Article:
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Treated lumber question

Discussion in 'ex-Rag Chew Central' started by KC7JTY, Jul 28, 2009.

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  1. KC7JTY

    KC7JTY Banned QRZ Page

    I just built a free standing roof to go over my 8x10 concrete slab out back and am concerned about the 4 vertical 4x6 treated (green) timbers that are made of Grand/White Fir.
    The lower ends are set in concrete but they are only treated with the green chemical to prevent rotting and nothing to prevent cracking and warping exposed to the weather.

    Should I add some additional coating/treatment to prevent problems, and if so what would be a good call?
     
  2. K7UNP

    K7UNP Ham Member QRZ Page

    If they are set in concrete and fastened to the roof properly then I would not be "very" concerned about cracking or warping. Talk to the lumber yard folks. They get questions like this all the time. If the wood is treated and it is fastened at both ends as you described they should be good to go for quite a few years. Where is this structure located geographically? That makes a difference also.
     
  3. WB2WIK

    WB2WIK Premium Subscriber QRZ Page

    I'm not an expert, but where I'm from (the Northeast) we used to plastic wrap timbers before setting them in concrete. I saw "old timers" doing this for years, and asked them why. They all pretty much concurred: "That's what makes them last longer than you'll be alive."

    WB2WIK/6
     
  4. KC7JTY

    KC7JTY Banned QRZ Page

    In the land of 9 foot snows and 60 mph winds, North Idaho.
     
  5. KC7JTY

    KC7JTY Banned QRZ Page

    I'm not concerned about the lower ends rotting, it's the exposed above ground sections I'm worried about.
     
  6. WF7A

    WF7A Subscriber QRZ Page

    If you can find out whether the posts are made of heartwood or not, that would help in determining whether they'll twist or not: Heartwood is wood cut from the core, or heart, of the tree and usually remains fairly straight whereas wood cut from the outermost part of the tree trunk tends to warp like crazy.

    If you can still see the ends of the posts and there are concentric rings from the center, then chances are it's heartwood. BTW: If the wood was kiln-dried when you bought it then there should be very little warping afterward.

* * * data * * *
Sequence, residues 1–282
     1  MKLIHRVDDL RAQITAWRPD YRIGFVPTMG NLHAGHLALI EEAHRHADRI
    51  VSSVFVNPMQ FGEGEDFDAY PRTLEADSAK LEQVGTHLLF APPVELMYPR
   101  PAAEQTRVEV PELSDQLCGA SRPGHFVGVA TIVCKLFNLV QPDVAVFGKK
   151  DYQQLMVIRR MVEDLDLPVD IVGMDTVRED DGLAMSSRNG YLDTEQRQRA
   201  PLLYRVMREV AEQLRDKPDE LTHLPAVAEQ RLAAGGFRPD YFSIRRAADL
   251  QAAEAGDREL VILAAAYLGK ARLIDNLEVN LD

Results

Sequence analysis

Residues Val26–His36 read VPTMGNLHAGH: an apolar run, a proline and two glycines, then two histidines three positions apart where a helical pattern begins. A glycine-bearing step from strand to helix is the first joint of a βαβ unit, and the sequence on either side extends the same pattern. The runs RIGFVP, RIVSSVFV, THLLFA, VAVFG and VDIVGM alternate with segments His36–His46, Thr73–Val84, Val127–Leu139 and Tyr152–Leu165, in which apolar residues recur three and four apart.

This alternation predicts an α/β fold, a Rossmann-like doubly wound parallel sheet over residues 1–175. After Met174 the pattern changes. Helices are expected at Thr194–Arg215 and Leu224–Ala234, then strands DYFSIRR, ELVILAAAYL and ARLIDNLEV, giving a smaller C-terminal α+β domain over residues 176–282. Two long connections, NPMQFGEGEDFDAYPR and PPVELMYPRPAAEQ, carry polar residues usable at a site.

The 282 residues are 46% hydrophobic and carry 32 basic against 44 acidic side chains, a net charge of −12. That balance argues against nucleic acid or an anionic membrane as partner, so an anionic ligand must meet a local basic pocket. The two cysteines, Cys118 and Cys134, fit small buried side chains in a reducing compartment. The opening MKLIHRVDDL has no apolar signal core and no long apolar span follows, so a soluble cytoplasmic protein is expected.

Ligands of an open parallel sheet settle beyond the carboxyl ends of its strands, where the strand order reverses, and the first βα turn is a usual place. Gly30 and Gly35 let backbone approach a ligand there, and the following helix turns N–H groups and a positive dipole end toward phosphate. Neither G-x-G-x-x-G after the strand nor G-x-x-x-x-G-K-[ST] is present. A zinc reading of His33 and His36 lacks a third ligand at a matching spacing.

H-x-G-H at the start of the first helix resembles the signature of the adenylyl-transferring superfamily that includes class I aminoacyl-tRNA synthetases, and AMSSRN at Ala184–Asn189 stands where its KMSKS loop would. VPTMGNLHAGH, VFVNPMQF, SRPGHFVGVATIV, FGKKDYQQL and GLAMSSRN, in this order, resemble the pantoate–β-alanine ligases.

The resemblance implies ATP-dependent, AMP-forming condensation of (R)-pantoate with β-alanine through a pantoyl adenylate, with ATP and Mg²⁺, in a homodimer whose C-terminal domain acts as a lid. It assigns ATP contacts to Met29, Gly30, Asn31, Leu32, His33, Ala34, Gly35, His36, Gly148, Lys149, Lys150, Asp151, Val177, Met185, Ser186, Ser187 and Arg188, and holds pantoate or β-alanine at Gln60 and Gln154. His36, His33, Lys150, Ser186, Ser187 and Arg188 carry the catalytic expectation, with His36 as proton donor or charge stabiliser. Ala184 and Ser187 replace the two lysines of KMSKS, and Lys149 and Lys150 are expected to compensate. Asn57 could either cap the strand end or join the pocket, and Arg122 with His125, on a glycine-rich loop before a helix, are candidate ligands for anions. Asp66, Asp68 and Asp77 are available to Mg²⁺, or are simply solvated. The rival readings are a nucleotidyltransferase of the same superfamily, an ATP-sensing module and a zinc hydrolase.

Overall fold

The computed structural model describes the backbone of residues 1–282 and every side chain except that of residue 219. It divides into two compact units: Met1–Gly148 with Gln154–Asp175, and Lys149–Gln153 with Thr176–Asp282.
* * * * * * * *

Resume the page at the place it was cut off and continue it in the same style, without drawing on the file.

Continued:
I'd check it out with a lumber outlet, first, but I'd coat the wood with a good sealant that has anti-fungal and/or insecticide in the mix to keep the wood healthy for years to come.
     
    Last edited: Jul 28, 2009
  7. KC9IUX

    KC9IUX Ham Member QRZ Page

    Applying sealant helps.

    Warping occurs when the wood dries out, especially if it dries in a short time.
     
  8. KC7JTY

    KC7JTY Banned QRZ Page

    At least 2 are heartwood which tends to split more than the outer cuts.
    I'll call Ziggy's and see what they say as far as sealant, but in the past I tend to get a different answer depending on the person and day of the week.

    Steel roofing panel installation is a real trip, seems the special screws needed to hold it down are harder to get than dope, and you must buy a bag of 100 at a time. Hey man....can I cop some screws? (come back next week, I might have something then)
     
  9. KC7JTY

    KC7JTY Banned QRZ Page

    Looks like all helluva is about to break loose here with 50 mph winds, lightning, 1/2" hail and heavy rain. Good thing I got all the screws into the roofing panels today. (Murphy's Law)
     
  10. AC0H

    AC0H Premium Subscriber QRZ Page

    The only thing the "green" does is slow down the natural rotting process and keep insects out. It does nothing for UV or water.

    I would suggest an latex stain which does two things. You don't have to look at the unnatural green color and it seals the wood. I use it on my deck which gets pounded by direct sun all summer.
     
  11. N7WR

    N7WR Subscriber QRZ Page